VBKÖ – Vereinigung bildender Künstlerinnen Österreichs


Lost Element. Re-construction of the Witch


14 January – 13 February 2022
Opening hours: Friday & Saturday: 14:00 – 18:00 and by appointments
Opening: 13 January, 15:00 – 21:00
Finissage: 13 February, 14:00 – 18:00

Artists: Anna Bochkova, Valerie Habsburg, Violetta Leitner, Anka Lesniak
Curated by: Anka Lesniak

The exhibition is the next chapter of a collective artistic investigation on the life and damaged or lost artworks of Teresa Feodorowna Ries (1866-1956). This sculptor of Jewish-Russian origin was one of the prominent artists of the Austro-Hungarian Empire and a few times also exhibited in VBKÖ’s exhibitions. In 1938, her studio was ‘Aryanized’ and taken over by Gustinus Ambrosi, while she fled to Switzerland, forced to leave her professional life and artwork behind. Among the numerous works left in her studio, there was a marble figure of the Witch at her toilette before the Witches’ Sabbath (1895). The sculpture depicts a naked woman looking straight into the viewer’s eyes and smiling maliciously while cutting her toenails with big scissors. Although witches were not a rare inspiration for artists at the turn of the 19th and 20th centuries, Ries’s sculpture was an extraordinary example of an artwork challenging the old patriarchal order. Her Witch is a symbol of feminine power. The figure is full of vigour and eroticism, and at the same time a rebel who challenges the clichés of representations of women in art and goes beyond stereotypes. Perhaps this was the reason for several acts of vandalism on this sculpture during the next decades, when it was left unattended in the outskirts of Vienna until the 1990s. Although the hand with the scissors is still missing, the Witch has been restored by the Vienna Museum and is exhibited more and more frequently. The Witch by Teresa Ries is a witness to history, of political and social changes. The damaged sculpture is an accusation against the HIStory, institutions, politics towards women (artists), antisemitism and xenophobia. However, it has an inspiring potential for political and social changes and the emancipation of minorities. As a part of a research-based art project, the exhibition also poses the question how it is possible to symbolically reconstruct the lost element of the Witch through contemporary cultural discourses and interpretations. Through the presentation of the work, based on historical research and archives with the use of new media, the exhibition opens the portal between the past and contemporary women’s art practices.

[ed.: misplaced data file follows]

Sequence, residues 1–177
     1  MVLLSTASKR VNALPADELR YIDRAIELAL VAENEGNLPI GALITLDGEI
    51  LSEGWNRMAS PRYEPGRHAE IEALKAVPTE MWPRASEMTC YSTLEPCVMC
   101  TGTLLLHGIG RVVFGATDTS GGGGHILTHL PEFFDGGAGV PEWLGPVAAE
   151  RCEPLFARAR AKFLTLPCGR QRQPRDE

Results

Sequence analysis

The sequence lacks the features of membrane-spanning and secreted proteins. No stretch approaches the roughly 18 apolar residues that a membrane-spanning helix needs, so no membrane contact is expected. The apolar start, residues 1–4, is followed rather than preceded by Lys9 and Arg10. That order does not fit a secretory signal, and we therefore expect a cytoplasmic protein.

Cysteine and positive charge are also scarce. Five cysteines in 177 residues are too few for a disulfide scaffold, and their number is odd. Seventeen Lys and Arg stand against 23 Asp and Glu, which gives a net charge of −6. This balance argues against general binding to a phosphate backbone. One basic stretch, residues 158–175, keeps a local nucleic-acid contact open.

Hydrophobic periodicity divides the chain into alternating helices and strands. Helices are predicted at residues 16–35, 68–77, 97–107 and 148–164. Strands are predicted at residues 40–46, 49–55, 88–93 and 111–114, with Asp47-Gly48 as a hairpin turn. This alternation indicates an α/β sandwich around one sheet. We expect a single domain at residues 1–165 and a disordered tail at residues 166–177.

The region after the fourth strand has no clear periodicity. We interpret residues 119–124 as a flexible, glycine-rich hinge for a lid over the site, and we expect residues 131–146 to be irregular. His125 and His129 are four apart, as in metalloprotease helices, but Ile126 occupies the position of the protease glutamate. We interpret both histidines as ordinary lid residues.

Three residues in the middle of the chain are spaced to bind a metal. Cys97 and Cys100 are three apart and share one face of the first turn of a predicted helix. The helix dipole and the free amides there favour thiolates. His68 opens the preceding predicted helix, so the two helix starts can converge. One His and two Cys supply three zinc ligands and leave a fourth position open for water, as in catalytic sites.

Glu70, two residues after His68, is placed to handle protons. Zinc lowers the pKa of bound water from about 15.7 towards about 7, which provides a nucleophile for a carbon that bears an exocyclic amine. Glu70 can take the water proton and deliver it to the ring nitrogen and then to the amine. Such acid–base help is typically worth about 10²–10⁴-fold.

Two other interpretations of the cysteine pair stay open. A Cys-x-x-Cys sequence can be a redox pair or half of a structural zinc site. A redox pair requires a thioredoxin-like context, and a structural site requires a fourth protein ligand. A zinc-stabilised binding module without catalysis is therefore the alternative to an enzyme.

More about the project at the TFR archive website: https://teresafeodorownaries.com/



Scroll to Top